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On November 9, Temple Of The Dog – the supergroup consisting of Soundgarden’s Chris Cornell and Pearl Jam’s Mike McCready, Jeff Ament, Stone Gossard, and Matt Cameron (whose also in Soundgarden) brought their 25th anniversary reunion tour for a big time performance at Madison Square Garden.

They delivered all the 10 offerings from their 1991 self-titled debut, their only release as a band. 10-songs wouldn’t cut it, so they also performed a few Cornell solo offers, as well as a few songs of Mother Love Bone, Jeff Ament and Stone Gossard’s band with singer Andrew Wood, whose passing led to the formation of Temple Of The Dog.

They also gave us some classic covers, of artists like David Bowie, Harry Nilsson, as well as Led Zeepelin, The Cure, and Black Sabbath, almost like a tribute to some of the greats who have also played at the Garden.

It was a great night of music that proved that no matter what they say, there’s still plenty to love about rock and roll.

Find their setlist posted below, along with a few iPhone shots I took from my seat.
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It’s hard to believe it’s been four years since Jens Lekman last released a full-length album, 2012’s I Know What Love Isn’t, released via Secretly Canadian. He’s gearing to release its long-awaited follow-up in 2017, and in early November he embarked on a few U.S. tour dates to share some new songs. He brought the show to New York on November 6 for a sold out performance at Music Hall of Williamsburg.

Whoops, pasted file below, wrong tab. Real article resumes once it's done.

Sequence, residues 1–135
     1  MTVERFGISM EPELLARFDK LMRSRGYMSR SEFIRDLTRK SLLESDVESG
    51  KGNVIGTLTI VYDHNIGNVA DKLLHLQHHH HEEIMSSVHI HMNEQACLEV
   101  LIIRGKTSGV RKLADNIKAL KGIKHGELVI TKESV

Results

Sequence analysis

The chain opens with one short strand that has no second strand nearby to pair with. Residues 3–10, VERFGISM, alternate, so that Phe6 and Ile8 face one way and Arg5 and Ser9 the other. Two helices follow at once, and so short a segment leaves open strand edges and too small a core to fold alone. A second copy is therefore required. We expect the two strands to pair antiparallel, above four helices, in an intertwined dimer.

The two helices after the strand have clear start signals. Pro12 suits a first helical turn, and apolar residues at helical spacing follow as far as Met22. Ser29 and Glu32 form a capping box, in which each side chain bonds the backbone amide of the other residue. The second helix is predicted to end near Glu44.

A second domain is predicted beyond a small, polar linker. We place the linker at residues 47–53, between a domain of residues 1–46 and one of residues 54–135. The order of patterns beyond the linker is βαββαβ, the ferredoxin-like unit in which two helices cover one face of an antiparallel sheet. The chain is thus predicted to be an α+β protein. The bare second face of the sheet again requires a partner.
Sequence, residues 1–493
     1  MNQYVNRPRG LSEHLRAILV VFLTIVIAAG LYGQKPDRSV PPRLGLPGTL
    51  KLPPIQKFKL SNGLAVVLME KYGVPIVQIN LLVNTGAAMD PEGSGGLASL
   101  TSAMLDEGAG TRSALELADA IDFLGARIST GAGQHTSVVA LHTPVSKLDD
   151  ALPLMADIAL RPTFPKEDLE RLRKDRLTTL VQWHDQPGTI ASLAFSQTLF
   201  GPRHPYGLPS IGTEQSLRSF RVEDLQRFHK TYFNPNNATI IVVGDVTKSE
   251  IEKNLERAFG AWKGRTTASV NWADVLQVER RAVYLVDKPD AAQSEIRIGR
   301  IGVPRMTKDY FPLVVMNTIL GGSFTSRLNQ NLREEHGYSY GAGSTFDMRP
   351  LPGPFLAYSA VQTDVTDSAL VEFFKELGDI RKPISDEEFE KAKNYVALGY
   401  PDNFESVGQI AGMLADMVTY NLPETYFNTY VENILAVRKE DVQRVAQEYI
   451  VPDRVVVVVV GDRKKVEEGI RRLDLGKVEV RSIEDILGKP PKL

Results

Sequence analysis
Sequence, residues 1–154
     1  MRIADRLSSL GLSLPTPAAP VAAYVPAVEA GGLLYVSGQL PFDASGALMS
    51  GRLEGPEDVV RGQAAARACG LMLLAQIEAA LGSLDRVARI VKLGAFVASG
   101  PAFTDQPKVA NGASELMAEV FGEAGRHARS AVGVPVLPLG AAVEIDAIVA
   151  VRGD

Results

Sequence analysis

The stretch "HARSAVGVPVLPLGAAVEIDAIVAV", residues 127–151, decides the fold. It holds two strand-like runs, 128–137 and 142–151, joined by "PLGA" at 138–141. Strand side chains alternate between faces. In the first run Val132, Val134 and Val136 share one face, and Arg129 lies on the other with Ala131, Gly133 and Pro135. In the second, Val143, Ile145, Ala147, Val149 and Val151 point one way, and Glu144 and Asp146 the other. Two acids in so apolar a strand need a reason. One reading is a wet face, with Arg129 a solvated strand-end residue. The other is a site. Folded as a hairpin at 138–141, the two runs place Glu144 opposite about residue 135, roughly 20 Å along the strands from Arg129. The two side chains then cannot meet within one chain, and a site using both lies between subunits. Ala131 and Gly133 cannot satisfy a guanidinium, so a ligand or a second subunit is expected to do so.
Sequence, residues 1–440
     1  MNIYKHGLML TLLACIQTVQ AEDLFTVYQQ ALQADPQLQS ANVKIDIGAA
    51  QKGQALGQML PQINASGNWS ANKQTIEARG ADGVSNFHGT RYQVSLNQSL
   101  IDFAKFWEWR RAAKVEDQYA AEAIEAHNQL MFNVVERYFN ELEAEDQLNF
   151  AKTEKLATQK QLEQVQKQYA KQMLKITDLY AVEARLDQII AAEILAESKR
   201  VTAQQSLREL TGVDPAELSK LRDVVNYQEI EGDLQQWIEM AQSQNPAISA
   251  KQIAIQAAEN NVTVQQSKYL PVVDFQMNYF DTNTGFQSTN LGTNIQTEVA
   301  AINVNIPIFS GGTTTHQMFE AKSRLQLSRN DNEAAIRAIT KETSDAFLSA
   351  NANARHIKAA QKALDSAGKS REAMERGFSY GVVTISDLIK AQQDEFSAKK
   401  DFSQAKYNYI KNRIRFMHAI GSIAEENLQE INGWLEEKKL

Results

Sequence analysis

The show served as a way for Lekman to not only share new material, but also to raise funds for a full-band tour for the new album. This version of the tour was just him and an acoustic guitar, until the first encore where his old bandmates joined him for Sipping on the Sweet Nectar”, and “A Postcard to Nina,” two favorites from his classic album Night Falls Over Kortedala.